Indeed, the study , published in the Journal of Applied Physiology, involved 12 novice athletes and took either 0.61 g / lb or 1.19 g / lb over a 4-week period. The researchers found no differences in strength or muscle gain between the two groups. However, there is one caveat: studies like this often look at short-term outcomes, so the long-term outcome is less clear.
This does not mean that the 1g / lb recommendation is completely faked; it just isn’t necessary for people who are overweight or obese, or people who are already consuming a lot of calories. As Alan Aragon , an instructor at the National Association for Strength and Conditioning , told me, “given individual variability, you can’t just say that 1 g / lb is not good for anyone.”
For now, here’s a tip: Eat more protein if you want, but after a certain point, more protein won’t help you build muscle faster. Also, the “extra” are just calories.
Seniors should really eat more protein
A high protein diet is essential for healthy seniors. In fact, Patel believes that it is imperative for seniors to increase their protein intake.
Since aging makes it difficult to build muscle mass due to various physiological factors, it’s important to get a higher protein intake than even the average young person, especially if you don’t have much muscle to start with and just started exercising at age 60. -year-old.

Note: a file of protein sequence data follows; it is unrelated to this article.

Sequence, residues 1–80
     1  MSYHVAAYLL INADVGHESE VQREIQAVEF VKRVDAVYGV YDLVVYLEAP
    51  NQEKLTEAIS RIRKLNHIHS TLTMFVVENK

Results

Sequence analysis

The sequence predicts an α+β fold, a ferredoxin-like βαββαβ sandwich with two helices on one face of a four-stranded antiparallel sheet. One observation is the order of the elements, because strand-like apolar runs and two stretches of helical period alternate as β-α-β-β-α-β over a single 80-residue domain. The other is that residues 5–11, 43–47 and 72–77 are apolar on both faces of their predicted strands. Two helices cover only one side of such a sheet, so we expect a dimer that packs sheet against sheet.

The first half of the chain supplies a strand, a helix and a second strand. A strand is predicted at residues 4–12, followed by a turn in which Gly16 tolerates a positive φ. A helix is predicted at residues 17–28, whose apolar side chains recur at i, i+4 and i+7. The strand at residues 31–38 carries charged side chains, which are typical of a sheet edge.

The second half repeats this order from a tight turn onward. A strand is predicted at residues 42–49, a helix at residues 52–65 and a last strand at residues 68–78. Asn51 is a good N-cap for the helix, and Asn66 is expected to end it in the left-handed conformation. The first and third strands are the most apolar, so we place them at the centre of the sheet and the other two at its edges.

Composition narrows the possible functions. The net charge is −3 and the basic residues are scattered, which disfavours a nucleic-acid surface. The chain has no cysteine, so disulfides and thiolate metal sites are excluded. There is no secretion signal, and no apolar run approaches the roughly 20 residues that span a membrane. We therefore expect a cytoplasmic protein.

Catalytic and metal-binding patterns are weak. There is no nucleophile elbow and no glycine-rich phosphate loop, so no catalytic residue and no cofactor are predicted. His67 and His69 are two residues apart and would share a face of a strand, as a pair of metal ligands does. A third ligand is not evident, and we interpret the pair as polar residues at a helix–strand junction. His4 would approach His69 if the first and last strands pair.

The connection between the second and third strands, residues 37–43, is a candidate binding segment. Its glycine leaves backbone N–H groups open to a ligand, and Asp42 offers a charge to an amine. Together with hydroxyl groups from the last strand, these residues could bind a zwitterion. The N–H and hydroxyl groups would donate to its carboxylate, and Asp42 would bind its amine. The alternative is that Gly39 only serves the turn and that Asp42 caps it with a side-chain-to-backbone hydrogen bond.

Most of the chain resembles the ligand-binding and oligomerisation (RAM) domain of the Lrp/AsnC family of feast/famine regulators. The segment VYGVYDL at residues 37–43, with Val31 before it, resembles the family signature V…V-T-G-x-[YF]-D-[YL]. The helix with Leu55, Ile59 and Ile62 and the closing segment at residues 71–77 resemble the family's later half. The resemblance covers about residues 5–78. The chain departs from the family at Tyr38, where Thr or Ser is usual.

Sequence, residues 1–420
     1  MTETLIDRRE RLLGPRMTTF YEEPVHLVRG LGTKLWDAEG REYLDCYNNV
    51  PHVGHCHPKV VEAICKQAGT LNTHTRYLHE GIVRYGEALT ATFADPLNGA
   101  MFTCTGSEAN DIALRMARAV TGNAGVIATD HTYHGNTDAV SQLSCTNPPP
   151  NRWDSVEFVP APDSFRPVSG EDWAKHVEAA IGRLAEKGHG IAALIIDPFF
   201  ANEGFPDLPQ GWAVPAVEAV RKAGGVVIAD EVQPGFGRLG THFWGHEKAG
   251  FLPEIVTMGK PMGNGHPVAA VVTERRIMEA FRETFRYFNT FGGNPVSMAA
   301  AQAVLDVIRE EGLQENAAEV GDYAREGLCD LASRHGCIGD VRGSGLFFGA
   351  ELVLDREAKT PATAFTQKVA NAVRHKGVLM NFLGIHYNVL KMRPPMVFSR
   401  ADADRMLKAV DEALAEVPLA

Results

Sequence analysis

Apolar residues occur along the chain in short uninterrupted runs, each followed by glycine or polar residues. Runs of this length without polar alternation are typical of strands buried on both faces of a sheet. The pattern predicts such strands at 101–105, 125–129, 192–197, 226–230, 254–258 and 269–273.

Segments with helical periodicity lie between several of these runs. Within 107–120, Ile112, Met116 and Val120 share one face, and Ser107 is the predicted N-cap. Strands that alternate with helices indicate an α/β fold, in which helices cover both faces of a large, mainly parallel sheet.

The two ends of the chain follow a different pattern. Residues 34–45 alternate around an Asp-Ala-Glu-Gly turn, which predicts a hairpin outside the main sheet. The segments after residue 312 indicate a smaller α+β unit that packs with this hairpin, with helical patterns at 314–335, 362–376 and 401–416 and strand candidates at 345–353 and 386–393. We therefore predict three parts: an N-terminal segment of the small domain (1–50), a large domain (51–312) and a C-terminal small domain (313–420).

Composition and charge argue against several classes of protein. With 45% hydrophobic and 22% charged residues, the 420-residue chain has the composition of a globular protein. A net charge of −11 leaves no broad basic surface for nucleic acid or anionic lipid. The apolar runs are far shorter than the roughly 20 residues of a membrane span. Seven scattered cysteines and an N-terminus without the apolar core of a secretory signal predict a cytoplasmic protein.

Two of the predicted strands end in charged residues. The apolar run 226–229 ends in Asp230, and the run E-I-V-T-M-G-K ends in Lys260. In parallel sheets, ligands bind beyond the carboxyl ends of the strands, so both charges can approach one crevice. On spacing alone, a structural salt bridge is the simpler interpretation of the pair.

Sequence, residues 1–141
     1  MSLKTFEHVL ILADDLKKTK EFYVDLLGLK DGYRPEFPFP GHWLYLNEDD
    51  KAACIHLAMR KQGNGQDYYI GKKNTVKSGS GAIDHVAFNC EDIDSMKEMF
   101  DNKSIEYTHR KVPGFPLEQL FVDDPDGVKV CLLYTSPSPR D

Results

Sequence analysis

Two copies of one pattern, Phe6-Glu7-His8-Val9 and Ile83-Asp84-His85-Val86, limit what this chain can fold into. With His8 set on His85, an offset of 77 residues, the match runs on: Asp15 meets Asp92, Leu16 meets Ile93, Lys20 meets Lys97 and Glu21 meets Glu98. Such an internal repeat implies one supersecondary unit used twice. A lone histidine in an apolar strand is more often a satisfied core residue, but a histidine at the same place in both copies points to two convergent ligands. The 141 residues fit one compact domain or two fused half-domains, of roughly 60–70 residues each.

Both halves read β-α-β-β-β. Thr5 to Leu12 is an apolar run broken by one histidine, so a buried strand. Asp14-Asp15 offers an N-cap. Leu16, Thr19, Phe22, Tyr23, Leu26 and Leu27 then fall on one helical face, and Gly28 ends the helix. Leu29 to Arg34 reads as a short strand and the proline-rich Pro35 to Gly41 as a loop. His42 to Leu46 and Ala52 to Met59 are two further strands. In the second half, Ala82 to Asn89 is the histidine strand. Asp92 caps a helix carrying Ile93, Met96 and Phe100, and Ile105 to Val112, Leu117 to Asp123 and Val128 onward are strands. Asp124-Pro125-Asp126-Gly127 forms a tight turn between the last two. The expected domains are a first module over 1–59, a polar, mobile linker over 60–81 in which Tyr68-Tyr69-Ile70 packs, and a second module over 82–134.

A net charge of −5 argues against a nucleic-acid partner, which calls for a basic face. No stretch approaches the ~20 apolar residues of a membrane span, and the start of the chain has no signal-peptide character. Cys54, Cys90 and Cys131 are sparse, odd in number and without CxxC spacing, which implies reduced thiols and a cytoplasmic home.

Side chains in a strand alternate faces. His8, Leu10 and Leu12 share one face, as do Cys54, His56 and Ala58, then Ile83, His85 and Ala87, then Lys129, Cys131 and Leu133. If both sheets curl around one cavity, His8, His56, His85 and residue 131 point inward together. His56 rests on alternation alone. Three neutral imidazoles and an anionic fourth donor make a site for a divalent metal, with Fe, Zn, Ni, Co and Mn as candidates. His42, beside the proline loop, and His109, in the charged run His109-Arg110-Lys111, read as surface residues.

Patel is not alone in this. Studies like this in the Journals of Gerontology have shown that strength (especially strength in the lower body) is closely related to survival and better quality of life in later years. This means that seniors 65 years of age and older will benefit from consuming at least 0.54 g / lb of body weight or more to mitigate the loss of muscle and strength that is part of the aging process.
Make Your Protein Intake Work for You
Protein recommendations are not so straightforward. If you just need rough and simple advice, Aragon suggests using 1 g / lb of lean body mass and adjusting as needed. If you are unsure of your body fat percentage, follow your target weight. For example, if you currently weigh 150 pounds and would like to weigh 125 pounds, aim for 125 grams of protein.
For more flexibility, experiment with 0.36 g / lb (RDA) to 0.82 g / lb as we discussed. Not only do you need to adjust your intake based on your goal to build muscle, lose weight, or maintain, but you also need to consider how hard and how often you exercise, your lifestyle, dietary habits, and food availability, to name just a few. Examples. Maybe you need high protein foods to feel full, or maybe you need to cut back on them a little because all that lean meats and protein shakes are taking their toll on your food bill.
Either way, it’s like a challenging food tetris game in which you have to fit a suitable protein goal to your calorie goals without straining you as hell or getting so high that you can’t eat your (beef) pie and neither. eat it. …